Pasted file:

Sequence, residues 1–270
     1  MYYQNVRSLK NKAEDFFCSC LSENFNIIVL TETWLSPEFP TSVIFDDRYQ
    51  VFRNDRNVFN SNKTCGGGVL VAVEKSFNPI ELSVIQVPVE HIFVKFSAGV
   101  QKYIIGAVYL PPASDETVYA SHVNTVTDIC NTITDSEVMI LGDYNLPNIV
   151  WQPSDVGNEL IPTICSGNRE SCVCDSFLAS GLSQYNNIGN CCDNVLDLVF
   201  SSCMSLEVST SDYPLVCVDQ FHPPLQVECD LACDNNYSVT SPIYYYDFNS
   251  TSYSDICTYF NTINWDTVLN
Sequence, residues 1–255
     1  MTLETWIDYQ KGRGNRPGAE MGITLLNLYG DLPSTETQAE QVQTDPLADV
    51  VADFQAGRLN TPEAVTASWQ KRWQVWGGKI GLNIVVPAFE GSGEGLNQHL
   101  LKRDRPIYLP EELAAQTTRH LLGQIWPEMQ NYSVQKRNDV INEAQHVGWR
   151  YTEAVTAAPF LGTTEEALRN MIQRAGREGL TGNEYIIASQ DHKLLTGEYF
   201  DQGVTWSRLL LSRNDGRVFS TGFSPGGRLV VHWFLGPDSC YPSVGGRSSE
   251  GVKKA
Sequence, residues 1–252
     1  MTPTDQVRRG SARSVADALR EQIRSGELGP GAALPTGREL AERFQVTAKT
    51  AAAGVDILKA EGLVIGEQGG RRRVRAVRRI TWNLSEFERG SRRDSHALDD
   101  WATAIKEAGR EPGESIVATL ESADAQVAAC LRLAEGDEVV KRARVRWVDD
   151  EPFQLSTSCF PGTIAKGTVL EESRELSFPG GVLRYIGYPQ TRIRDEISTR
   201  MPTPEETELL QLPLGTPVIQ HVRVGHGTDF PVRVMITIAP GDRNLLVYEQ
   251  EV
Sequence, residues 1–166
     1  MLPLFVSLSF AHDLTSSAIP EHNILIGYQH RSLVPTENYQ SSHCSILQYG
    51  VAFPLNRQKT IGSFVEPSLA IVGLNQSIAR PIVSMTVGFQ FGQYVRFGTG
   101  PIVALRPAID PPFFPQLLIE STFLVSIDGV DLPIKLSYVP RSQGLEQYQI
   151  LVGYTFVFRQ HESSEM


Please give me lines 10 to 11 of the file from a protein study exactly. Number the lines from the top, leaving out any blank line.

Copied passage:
    51  VADFQAGRLN TPEAVTASWQ KRWQVWGGKI GLNIVVPAFE GSGEGLNQHL
   101  LKRDRPIYLP EELAAQTTRH LLGQIWPEMQ NYSVQKRNDV INEAQHVGWR